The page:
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Re: Intent to revive "expires" header from draft-ietf-mailext-new-fields-15

2008-07-23 17:29:06

I think it should be made clear what we are talking about when it comes to the type of MUA.

There is typical a propensity to think of offline MUA, like Outlook, ThunderBird, Eudora, Unix based offline mail readers etc.

But you also have online based MUAs as well.

The difference?

Offline Storage vs Online Storage

Both present a different set of technical and very important legal engineering design requirements. Obviously, the options for Online MUAs (i.e. WebMail) are defined by what the backend provides the user. Offline MUA options are defined by what the vendors of offline mail writer/reader programs provides. The consistency in the options between the two should not be presumed to exist.

So I think it is short on design to think that a proposed IETF 2822 header of this caliber is only useful for offline MUA systems. The design considerations must also be consistent for Online MUAs, including Offline MUAs in regards to the stored mail kept on the server which generally is the same used for online MUA connectivity as well.

So in my view, being that we offer a mail process entity for each stage of the total mail system, including multiple MUA softwares (offline, Online, and Mixed, text, html and GUI), I think the question is which one processes in the end to end flow process can use this and how. If the proposal mandates the Expire Header is for MUAs only, then for the online based MUA, this implies the backend has to support and work with it too.

My Point?

It isn't as simple as it might appear when we only consider the offline mail write/reader software MUA. It would be a half baked, incomplete and only partial consideration within the many variant and complete mail systems as we know it today.

How about mobile? One the key issues here is redundant, wasteful mail downloads because of the "Keep On Mail Server" idea which forces backends to not mark mail as received allowing user to get their mail on mobile and back in the office/home desktop.

If the Expire Header can be one small additional part of the complete process to eliminate "irrelevant" mail, then it will have a "some" payoff for mobile users as well of offline users.


Michael Welzl wrote:
So, would you still be happy to have your MUA silently delete expired messages?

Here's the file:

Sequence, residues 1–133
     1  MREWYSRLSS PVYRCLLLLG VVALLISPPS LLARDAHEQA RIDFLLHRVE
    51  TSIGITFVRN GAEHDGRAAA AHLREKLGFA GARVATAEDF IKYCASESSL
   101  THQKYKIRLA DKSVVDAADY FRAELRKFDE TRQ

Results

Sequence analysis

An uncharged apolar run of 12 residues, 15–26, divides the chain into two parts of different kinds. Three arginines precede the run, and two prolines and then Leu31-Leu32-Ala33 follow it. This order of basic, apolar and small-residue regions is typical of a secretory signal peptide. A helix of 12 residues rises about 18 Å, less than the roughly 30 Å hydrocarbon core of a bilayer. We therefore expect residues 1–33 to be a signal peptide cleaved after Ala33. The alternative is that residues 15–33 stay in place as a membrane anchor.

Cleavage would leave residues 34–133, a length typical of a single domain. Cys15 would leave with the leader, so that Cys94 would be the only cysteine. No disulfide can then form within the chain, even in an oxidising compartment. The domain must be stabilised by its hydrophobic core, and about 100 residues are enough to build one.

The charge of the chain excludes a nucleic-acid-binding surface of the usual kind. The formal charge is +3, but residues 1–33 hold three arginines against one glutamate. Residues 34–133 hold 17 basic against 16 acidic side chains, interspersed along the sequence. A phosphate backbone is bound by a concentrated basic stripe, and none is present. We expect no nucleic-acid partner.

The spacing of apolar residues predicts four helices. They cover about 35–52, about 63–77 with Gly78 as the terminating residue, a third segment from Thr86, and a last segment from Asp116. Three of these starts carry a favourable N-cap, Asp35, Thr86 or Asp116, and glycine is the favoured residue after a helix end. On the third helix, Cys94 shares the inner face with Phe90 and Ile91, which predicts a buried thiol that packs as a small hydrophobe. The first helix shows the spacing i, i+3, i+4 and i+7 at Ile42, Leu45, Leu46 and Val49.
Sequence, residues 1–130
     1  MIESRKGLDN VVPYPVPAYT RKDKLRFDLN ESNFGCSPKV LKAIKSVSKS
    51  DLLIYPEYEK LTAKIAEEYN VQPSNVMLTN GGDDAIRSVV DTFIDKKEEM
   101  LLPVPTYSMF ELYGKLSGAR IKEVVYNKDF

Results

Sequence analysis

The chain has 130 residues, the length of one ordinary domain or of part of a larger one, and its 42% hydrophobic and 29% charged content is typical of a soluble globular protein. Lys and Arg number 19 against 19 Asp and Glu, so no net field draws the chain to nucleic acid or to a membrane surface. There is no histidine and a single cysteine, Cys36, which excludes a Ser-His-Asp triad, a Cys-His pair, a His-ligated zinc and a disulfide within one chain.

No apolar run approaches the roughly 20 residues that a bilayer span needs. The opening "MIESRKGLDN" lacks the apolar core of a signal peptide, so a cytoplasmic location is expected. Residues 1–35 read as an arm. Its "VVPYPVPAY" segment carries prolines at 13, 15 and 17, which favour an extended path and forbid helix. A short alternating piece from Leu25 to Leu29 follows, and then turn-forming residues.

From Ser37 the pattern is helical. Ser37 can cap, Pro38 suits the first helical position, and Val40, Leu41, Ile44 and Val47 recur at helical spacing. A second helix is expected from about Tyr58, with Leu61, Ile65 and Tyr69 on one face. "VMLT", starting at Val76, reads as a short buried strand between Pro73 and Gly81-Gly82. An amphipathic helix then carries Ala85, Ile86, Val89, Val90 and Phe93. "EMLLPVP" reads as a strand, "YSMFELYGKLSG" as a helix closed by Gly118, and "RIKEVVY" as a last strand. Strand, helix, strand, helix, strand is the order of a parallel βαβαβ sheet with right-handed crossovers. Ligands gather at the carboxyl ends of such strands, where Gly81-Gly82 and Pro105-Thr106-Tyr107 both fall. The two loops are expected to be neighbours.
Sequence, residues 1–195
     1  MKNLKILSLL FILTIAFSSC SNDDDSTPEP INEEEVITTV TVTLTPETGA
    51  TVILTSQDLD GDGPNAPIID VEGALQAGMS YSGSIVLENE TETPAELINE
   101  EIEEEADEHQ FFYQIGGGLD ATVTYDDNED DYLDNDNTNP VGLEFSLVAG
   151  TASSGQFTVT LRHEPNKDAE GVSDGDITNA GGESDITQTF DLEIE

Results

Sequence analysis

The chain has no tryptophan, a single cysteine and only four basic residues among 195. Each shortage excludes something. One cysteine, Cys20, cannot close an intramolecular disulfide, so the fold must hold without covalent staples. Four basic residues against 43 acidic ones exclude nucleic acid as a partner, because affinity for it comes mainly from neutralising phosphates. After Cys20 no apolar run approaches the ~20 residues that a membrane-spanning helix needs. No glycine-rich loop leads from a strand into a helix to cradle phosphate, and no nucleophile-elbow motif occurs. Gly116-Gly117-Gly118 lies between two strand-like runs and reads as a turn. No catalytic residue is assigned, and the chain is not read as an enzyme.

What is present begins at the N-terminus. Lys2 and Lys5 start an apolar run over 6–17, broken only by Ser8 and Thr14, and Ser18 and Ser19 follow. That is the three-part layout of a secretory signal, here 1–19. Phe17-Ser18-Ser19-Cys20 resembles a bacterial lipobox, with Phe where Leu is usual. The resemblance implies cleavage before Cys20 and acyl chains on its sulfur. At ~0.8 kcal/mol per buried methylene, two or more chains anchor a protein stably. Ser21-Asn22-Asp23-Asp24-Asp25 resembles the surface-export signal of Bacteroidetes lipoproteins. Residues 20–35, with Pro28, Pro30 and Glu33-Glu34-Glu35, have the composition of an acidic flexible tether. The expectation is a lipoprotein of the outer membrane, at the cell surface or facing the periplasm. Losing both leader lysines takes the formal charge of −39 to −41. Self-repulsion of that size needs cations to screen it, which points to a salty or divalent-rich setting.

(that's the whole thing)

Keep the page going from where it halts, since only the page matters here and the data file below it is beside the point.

Believe it or don't: yes.
Granted, when I said "silently delete", I meant "silently move it to my
trashcan folder, which is what my MUA does when I delete emails. This way, if I
lose something and start to wonder what's wrong, I can still look things up
in the trash. If I don't start to wonder what's wrong, I believe I have the
right to assume it's the sender's fault that their message never reached me. 
is what they risk when falsely setting the expiry date.

Other people could use it to automatically move emails to a suitable
folder, which makes email reading more efficient and still doesn't
let them miss the stuff that you mention above. But they can regard
it as low priority and go through it if and when they consider it

AFAICS, the only safe way to use 'expire' would either be for it not to
move/delete messages at all (in which case, what's the point) or to have
different rules handling expire differently from different senders (when
you know how THAT sender uses it), but this would only be useful if you
repeatedly got expired messages from particular people (which is doubtful)

I disagree, on the basis of what I said above.

(I do wonder, how important is this anyway? How often do you receive
messages after they would have expired? The only time I can think it
would be even slightly useful is if you've just come back from a
vacation and haven't checked your mail whilst you've been away, but then
a few CFP or talk announcements is going to be irrelevant amongst all
the other thousands of semi-junk messages you'll have received!)

I agree that this would be especially useful (but not "the only time
when this would be even slightly useful") after a holiday. The few
announcements are not going to be irrelevant among the other
semi-junk things.

Something more time consuming, to give you one more example:

"Michael, please do this until ... messages" - where you have to
carefully read the whole thing, only to find out that the sender
has absolutely no use for what he demanded by the time you
read this message. That happens to me on a regular basis and
is really annoying.

Putting all of this together, for me and I'm sure that a lot of other
people, an expired field would be well worth having. You shoudln't
make your own personal preferences and daily life with email the

Probably we (as we discuss on this list) are not even good examples.
There are newspaper articles and even books discussing how to
deal with emails, for higher level managers - I'm sure that, for these
people, any small contribution to reducing the number of daily emails
is extremely valuable.

I don't have a massive problem with an 'expires' header, I just see it
as, at best, pointless, and at worst, dangerous in the hands of an
unthinking user (of which there are many using the Internet).

Pointless: this is based on your personal preference which you
outlined above.

Dangerous: no, because of its strictly advisory nature. You would have
to be unthinking enough to set your mail client to always delete expired
emails on purpose, then wonder what's wrong. This is equivalent to
formatting a hard disk on purpose, then wondering what's wrong - that
a user could do that is the inevitable risk that comes with every
you give him (for once, I think it's actually better to use the male form,
the sake of political correctness!  :-)   ), but this should not be at the
of the rest of us.


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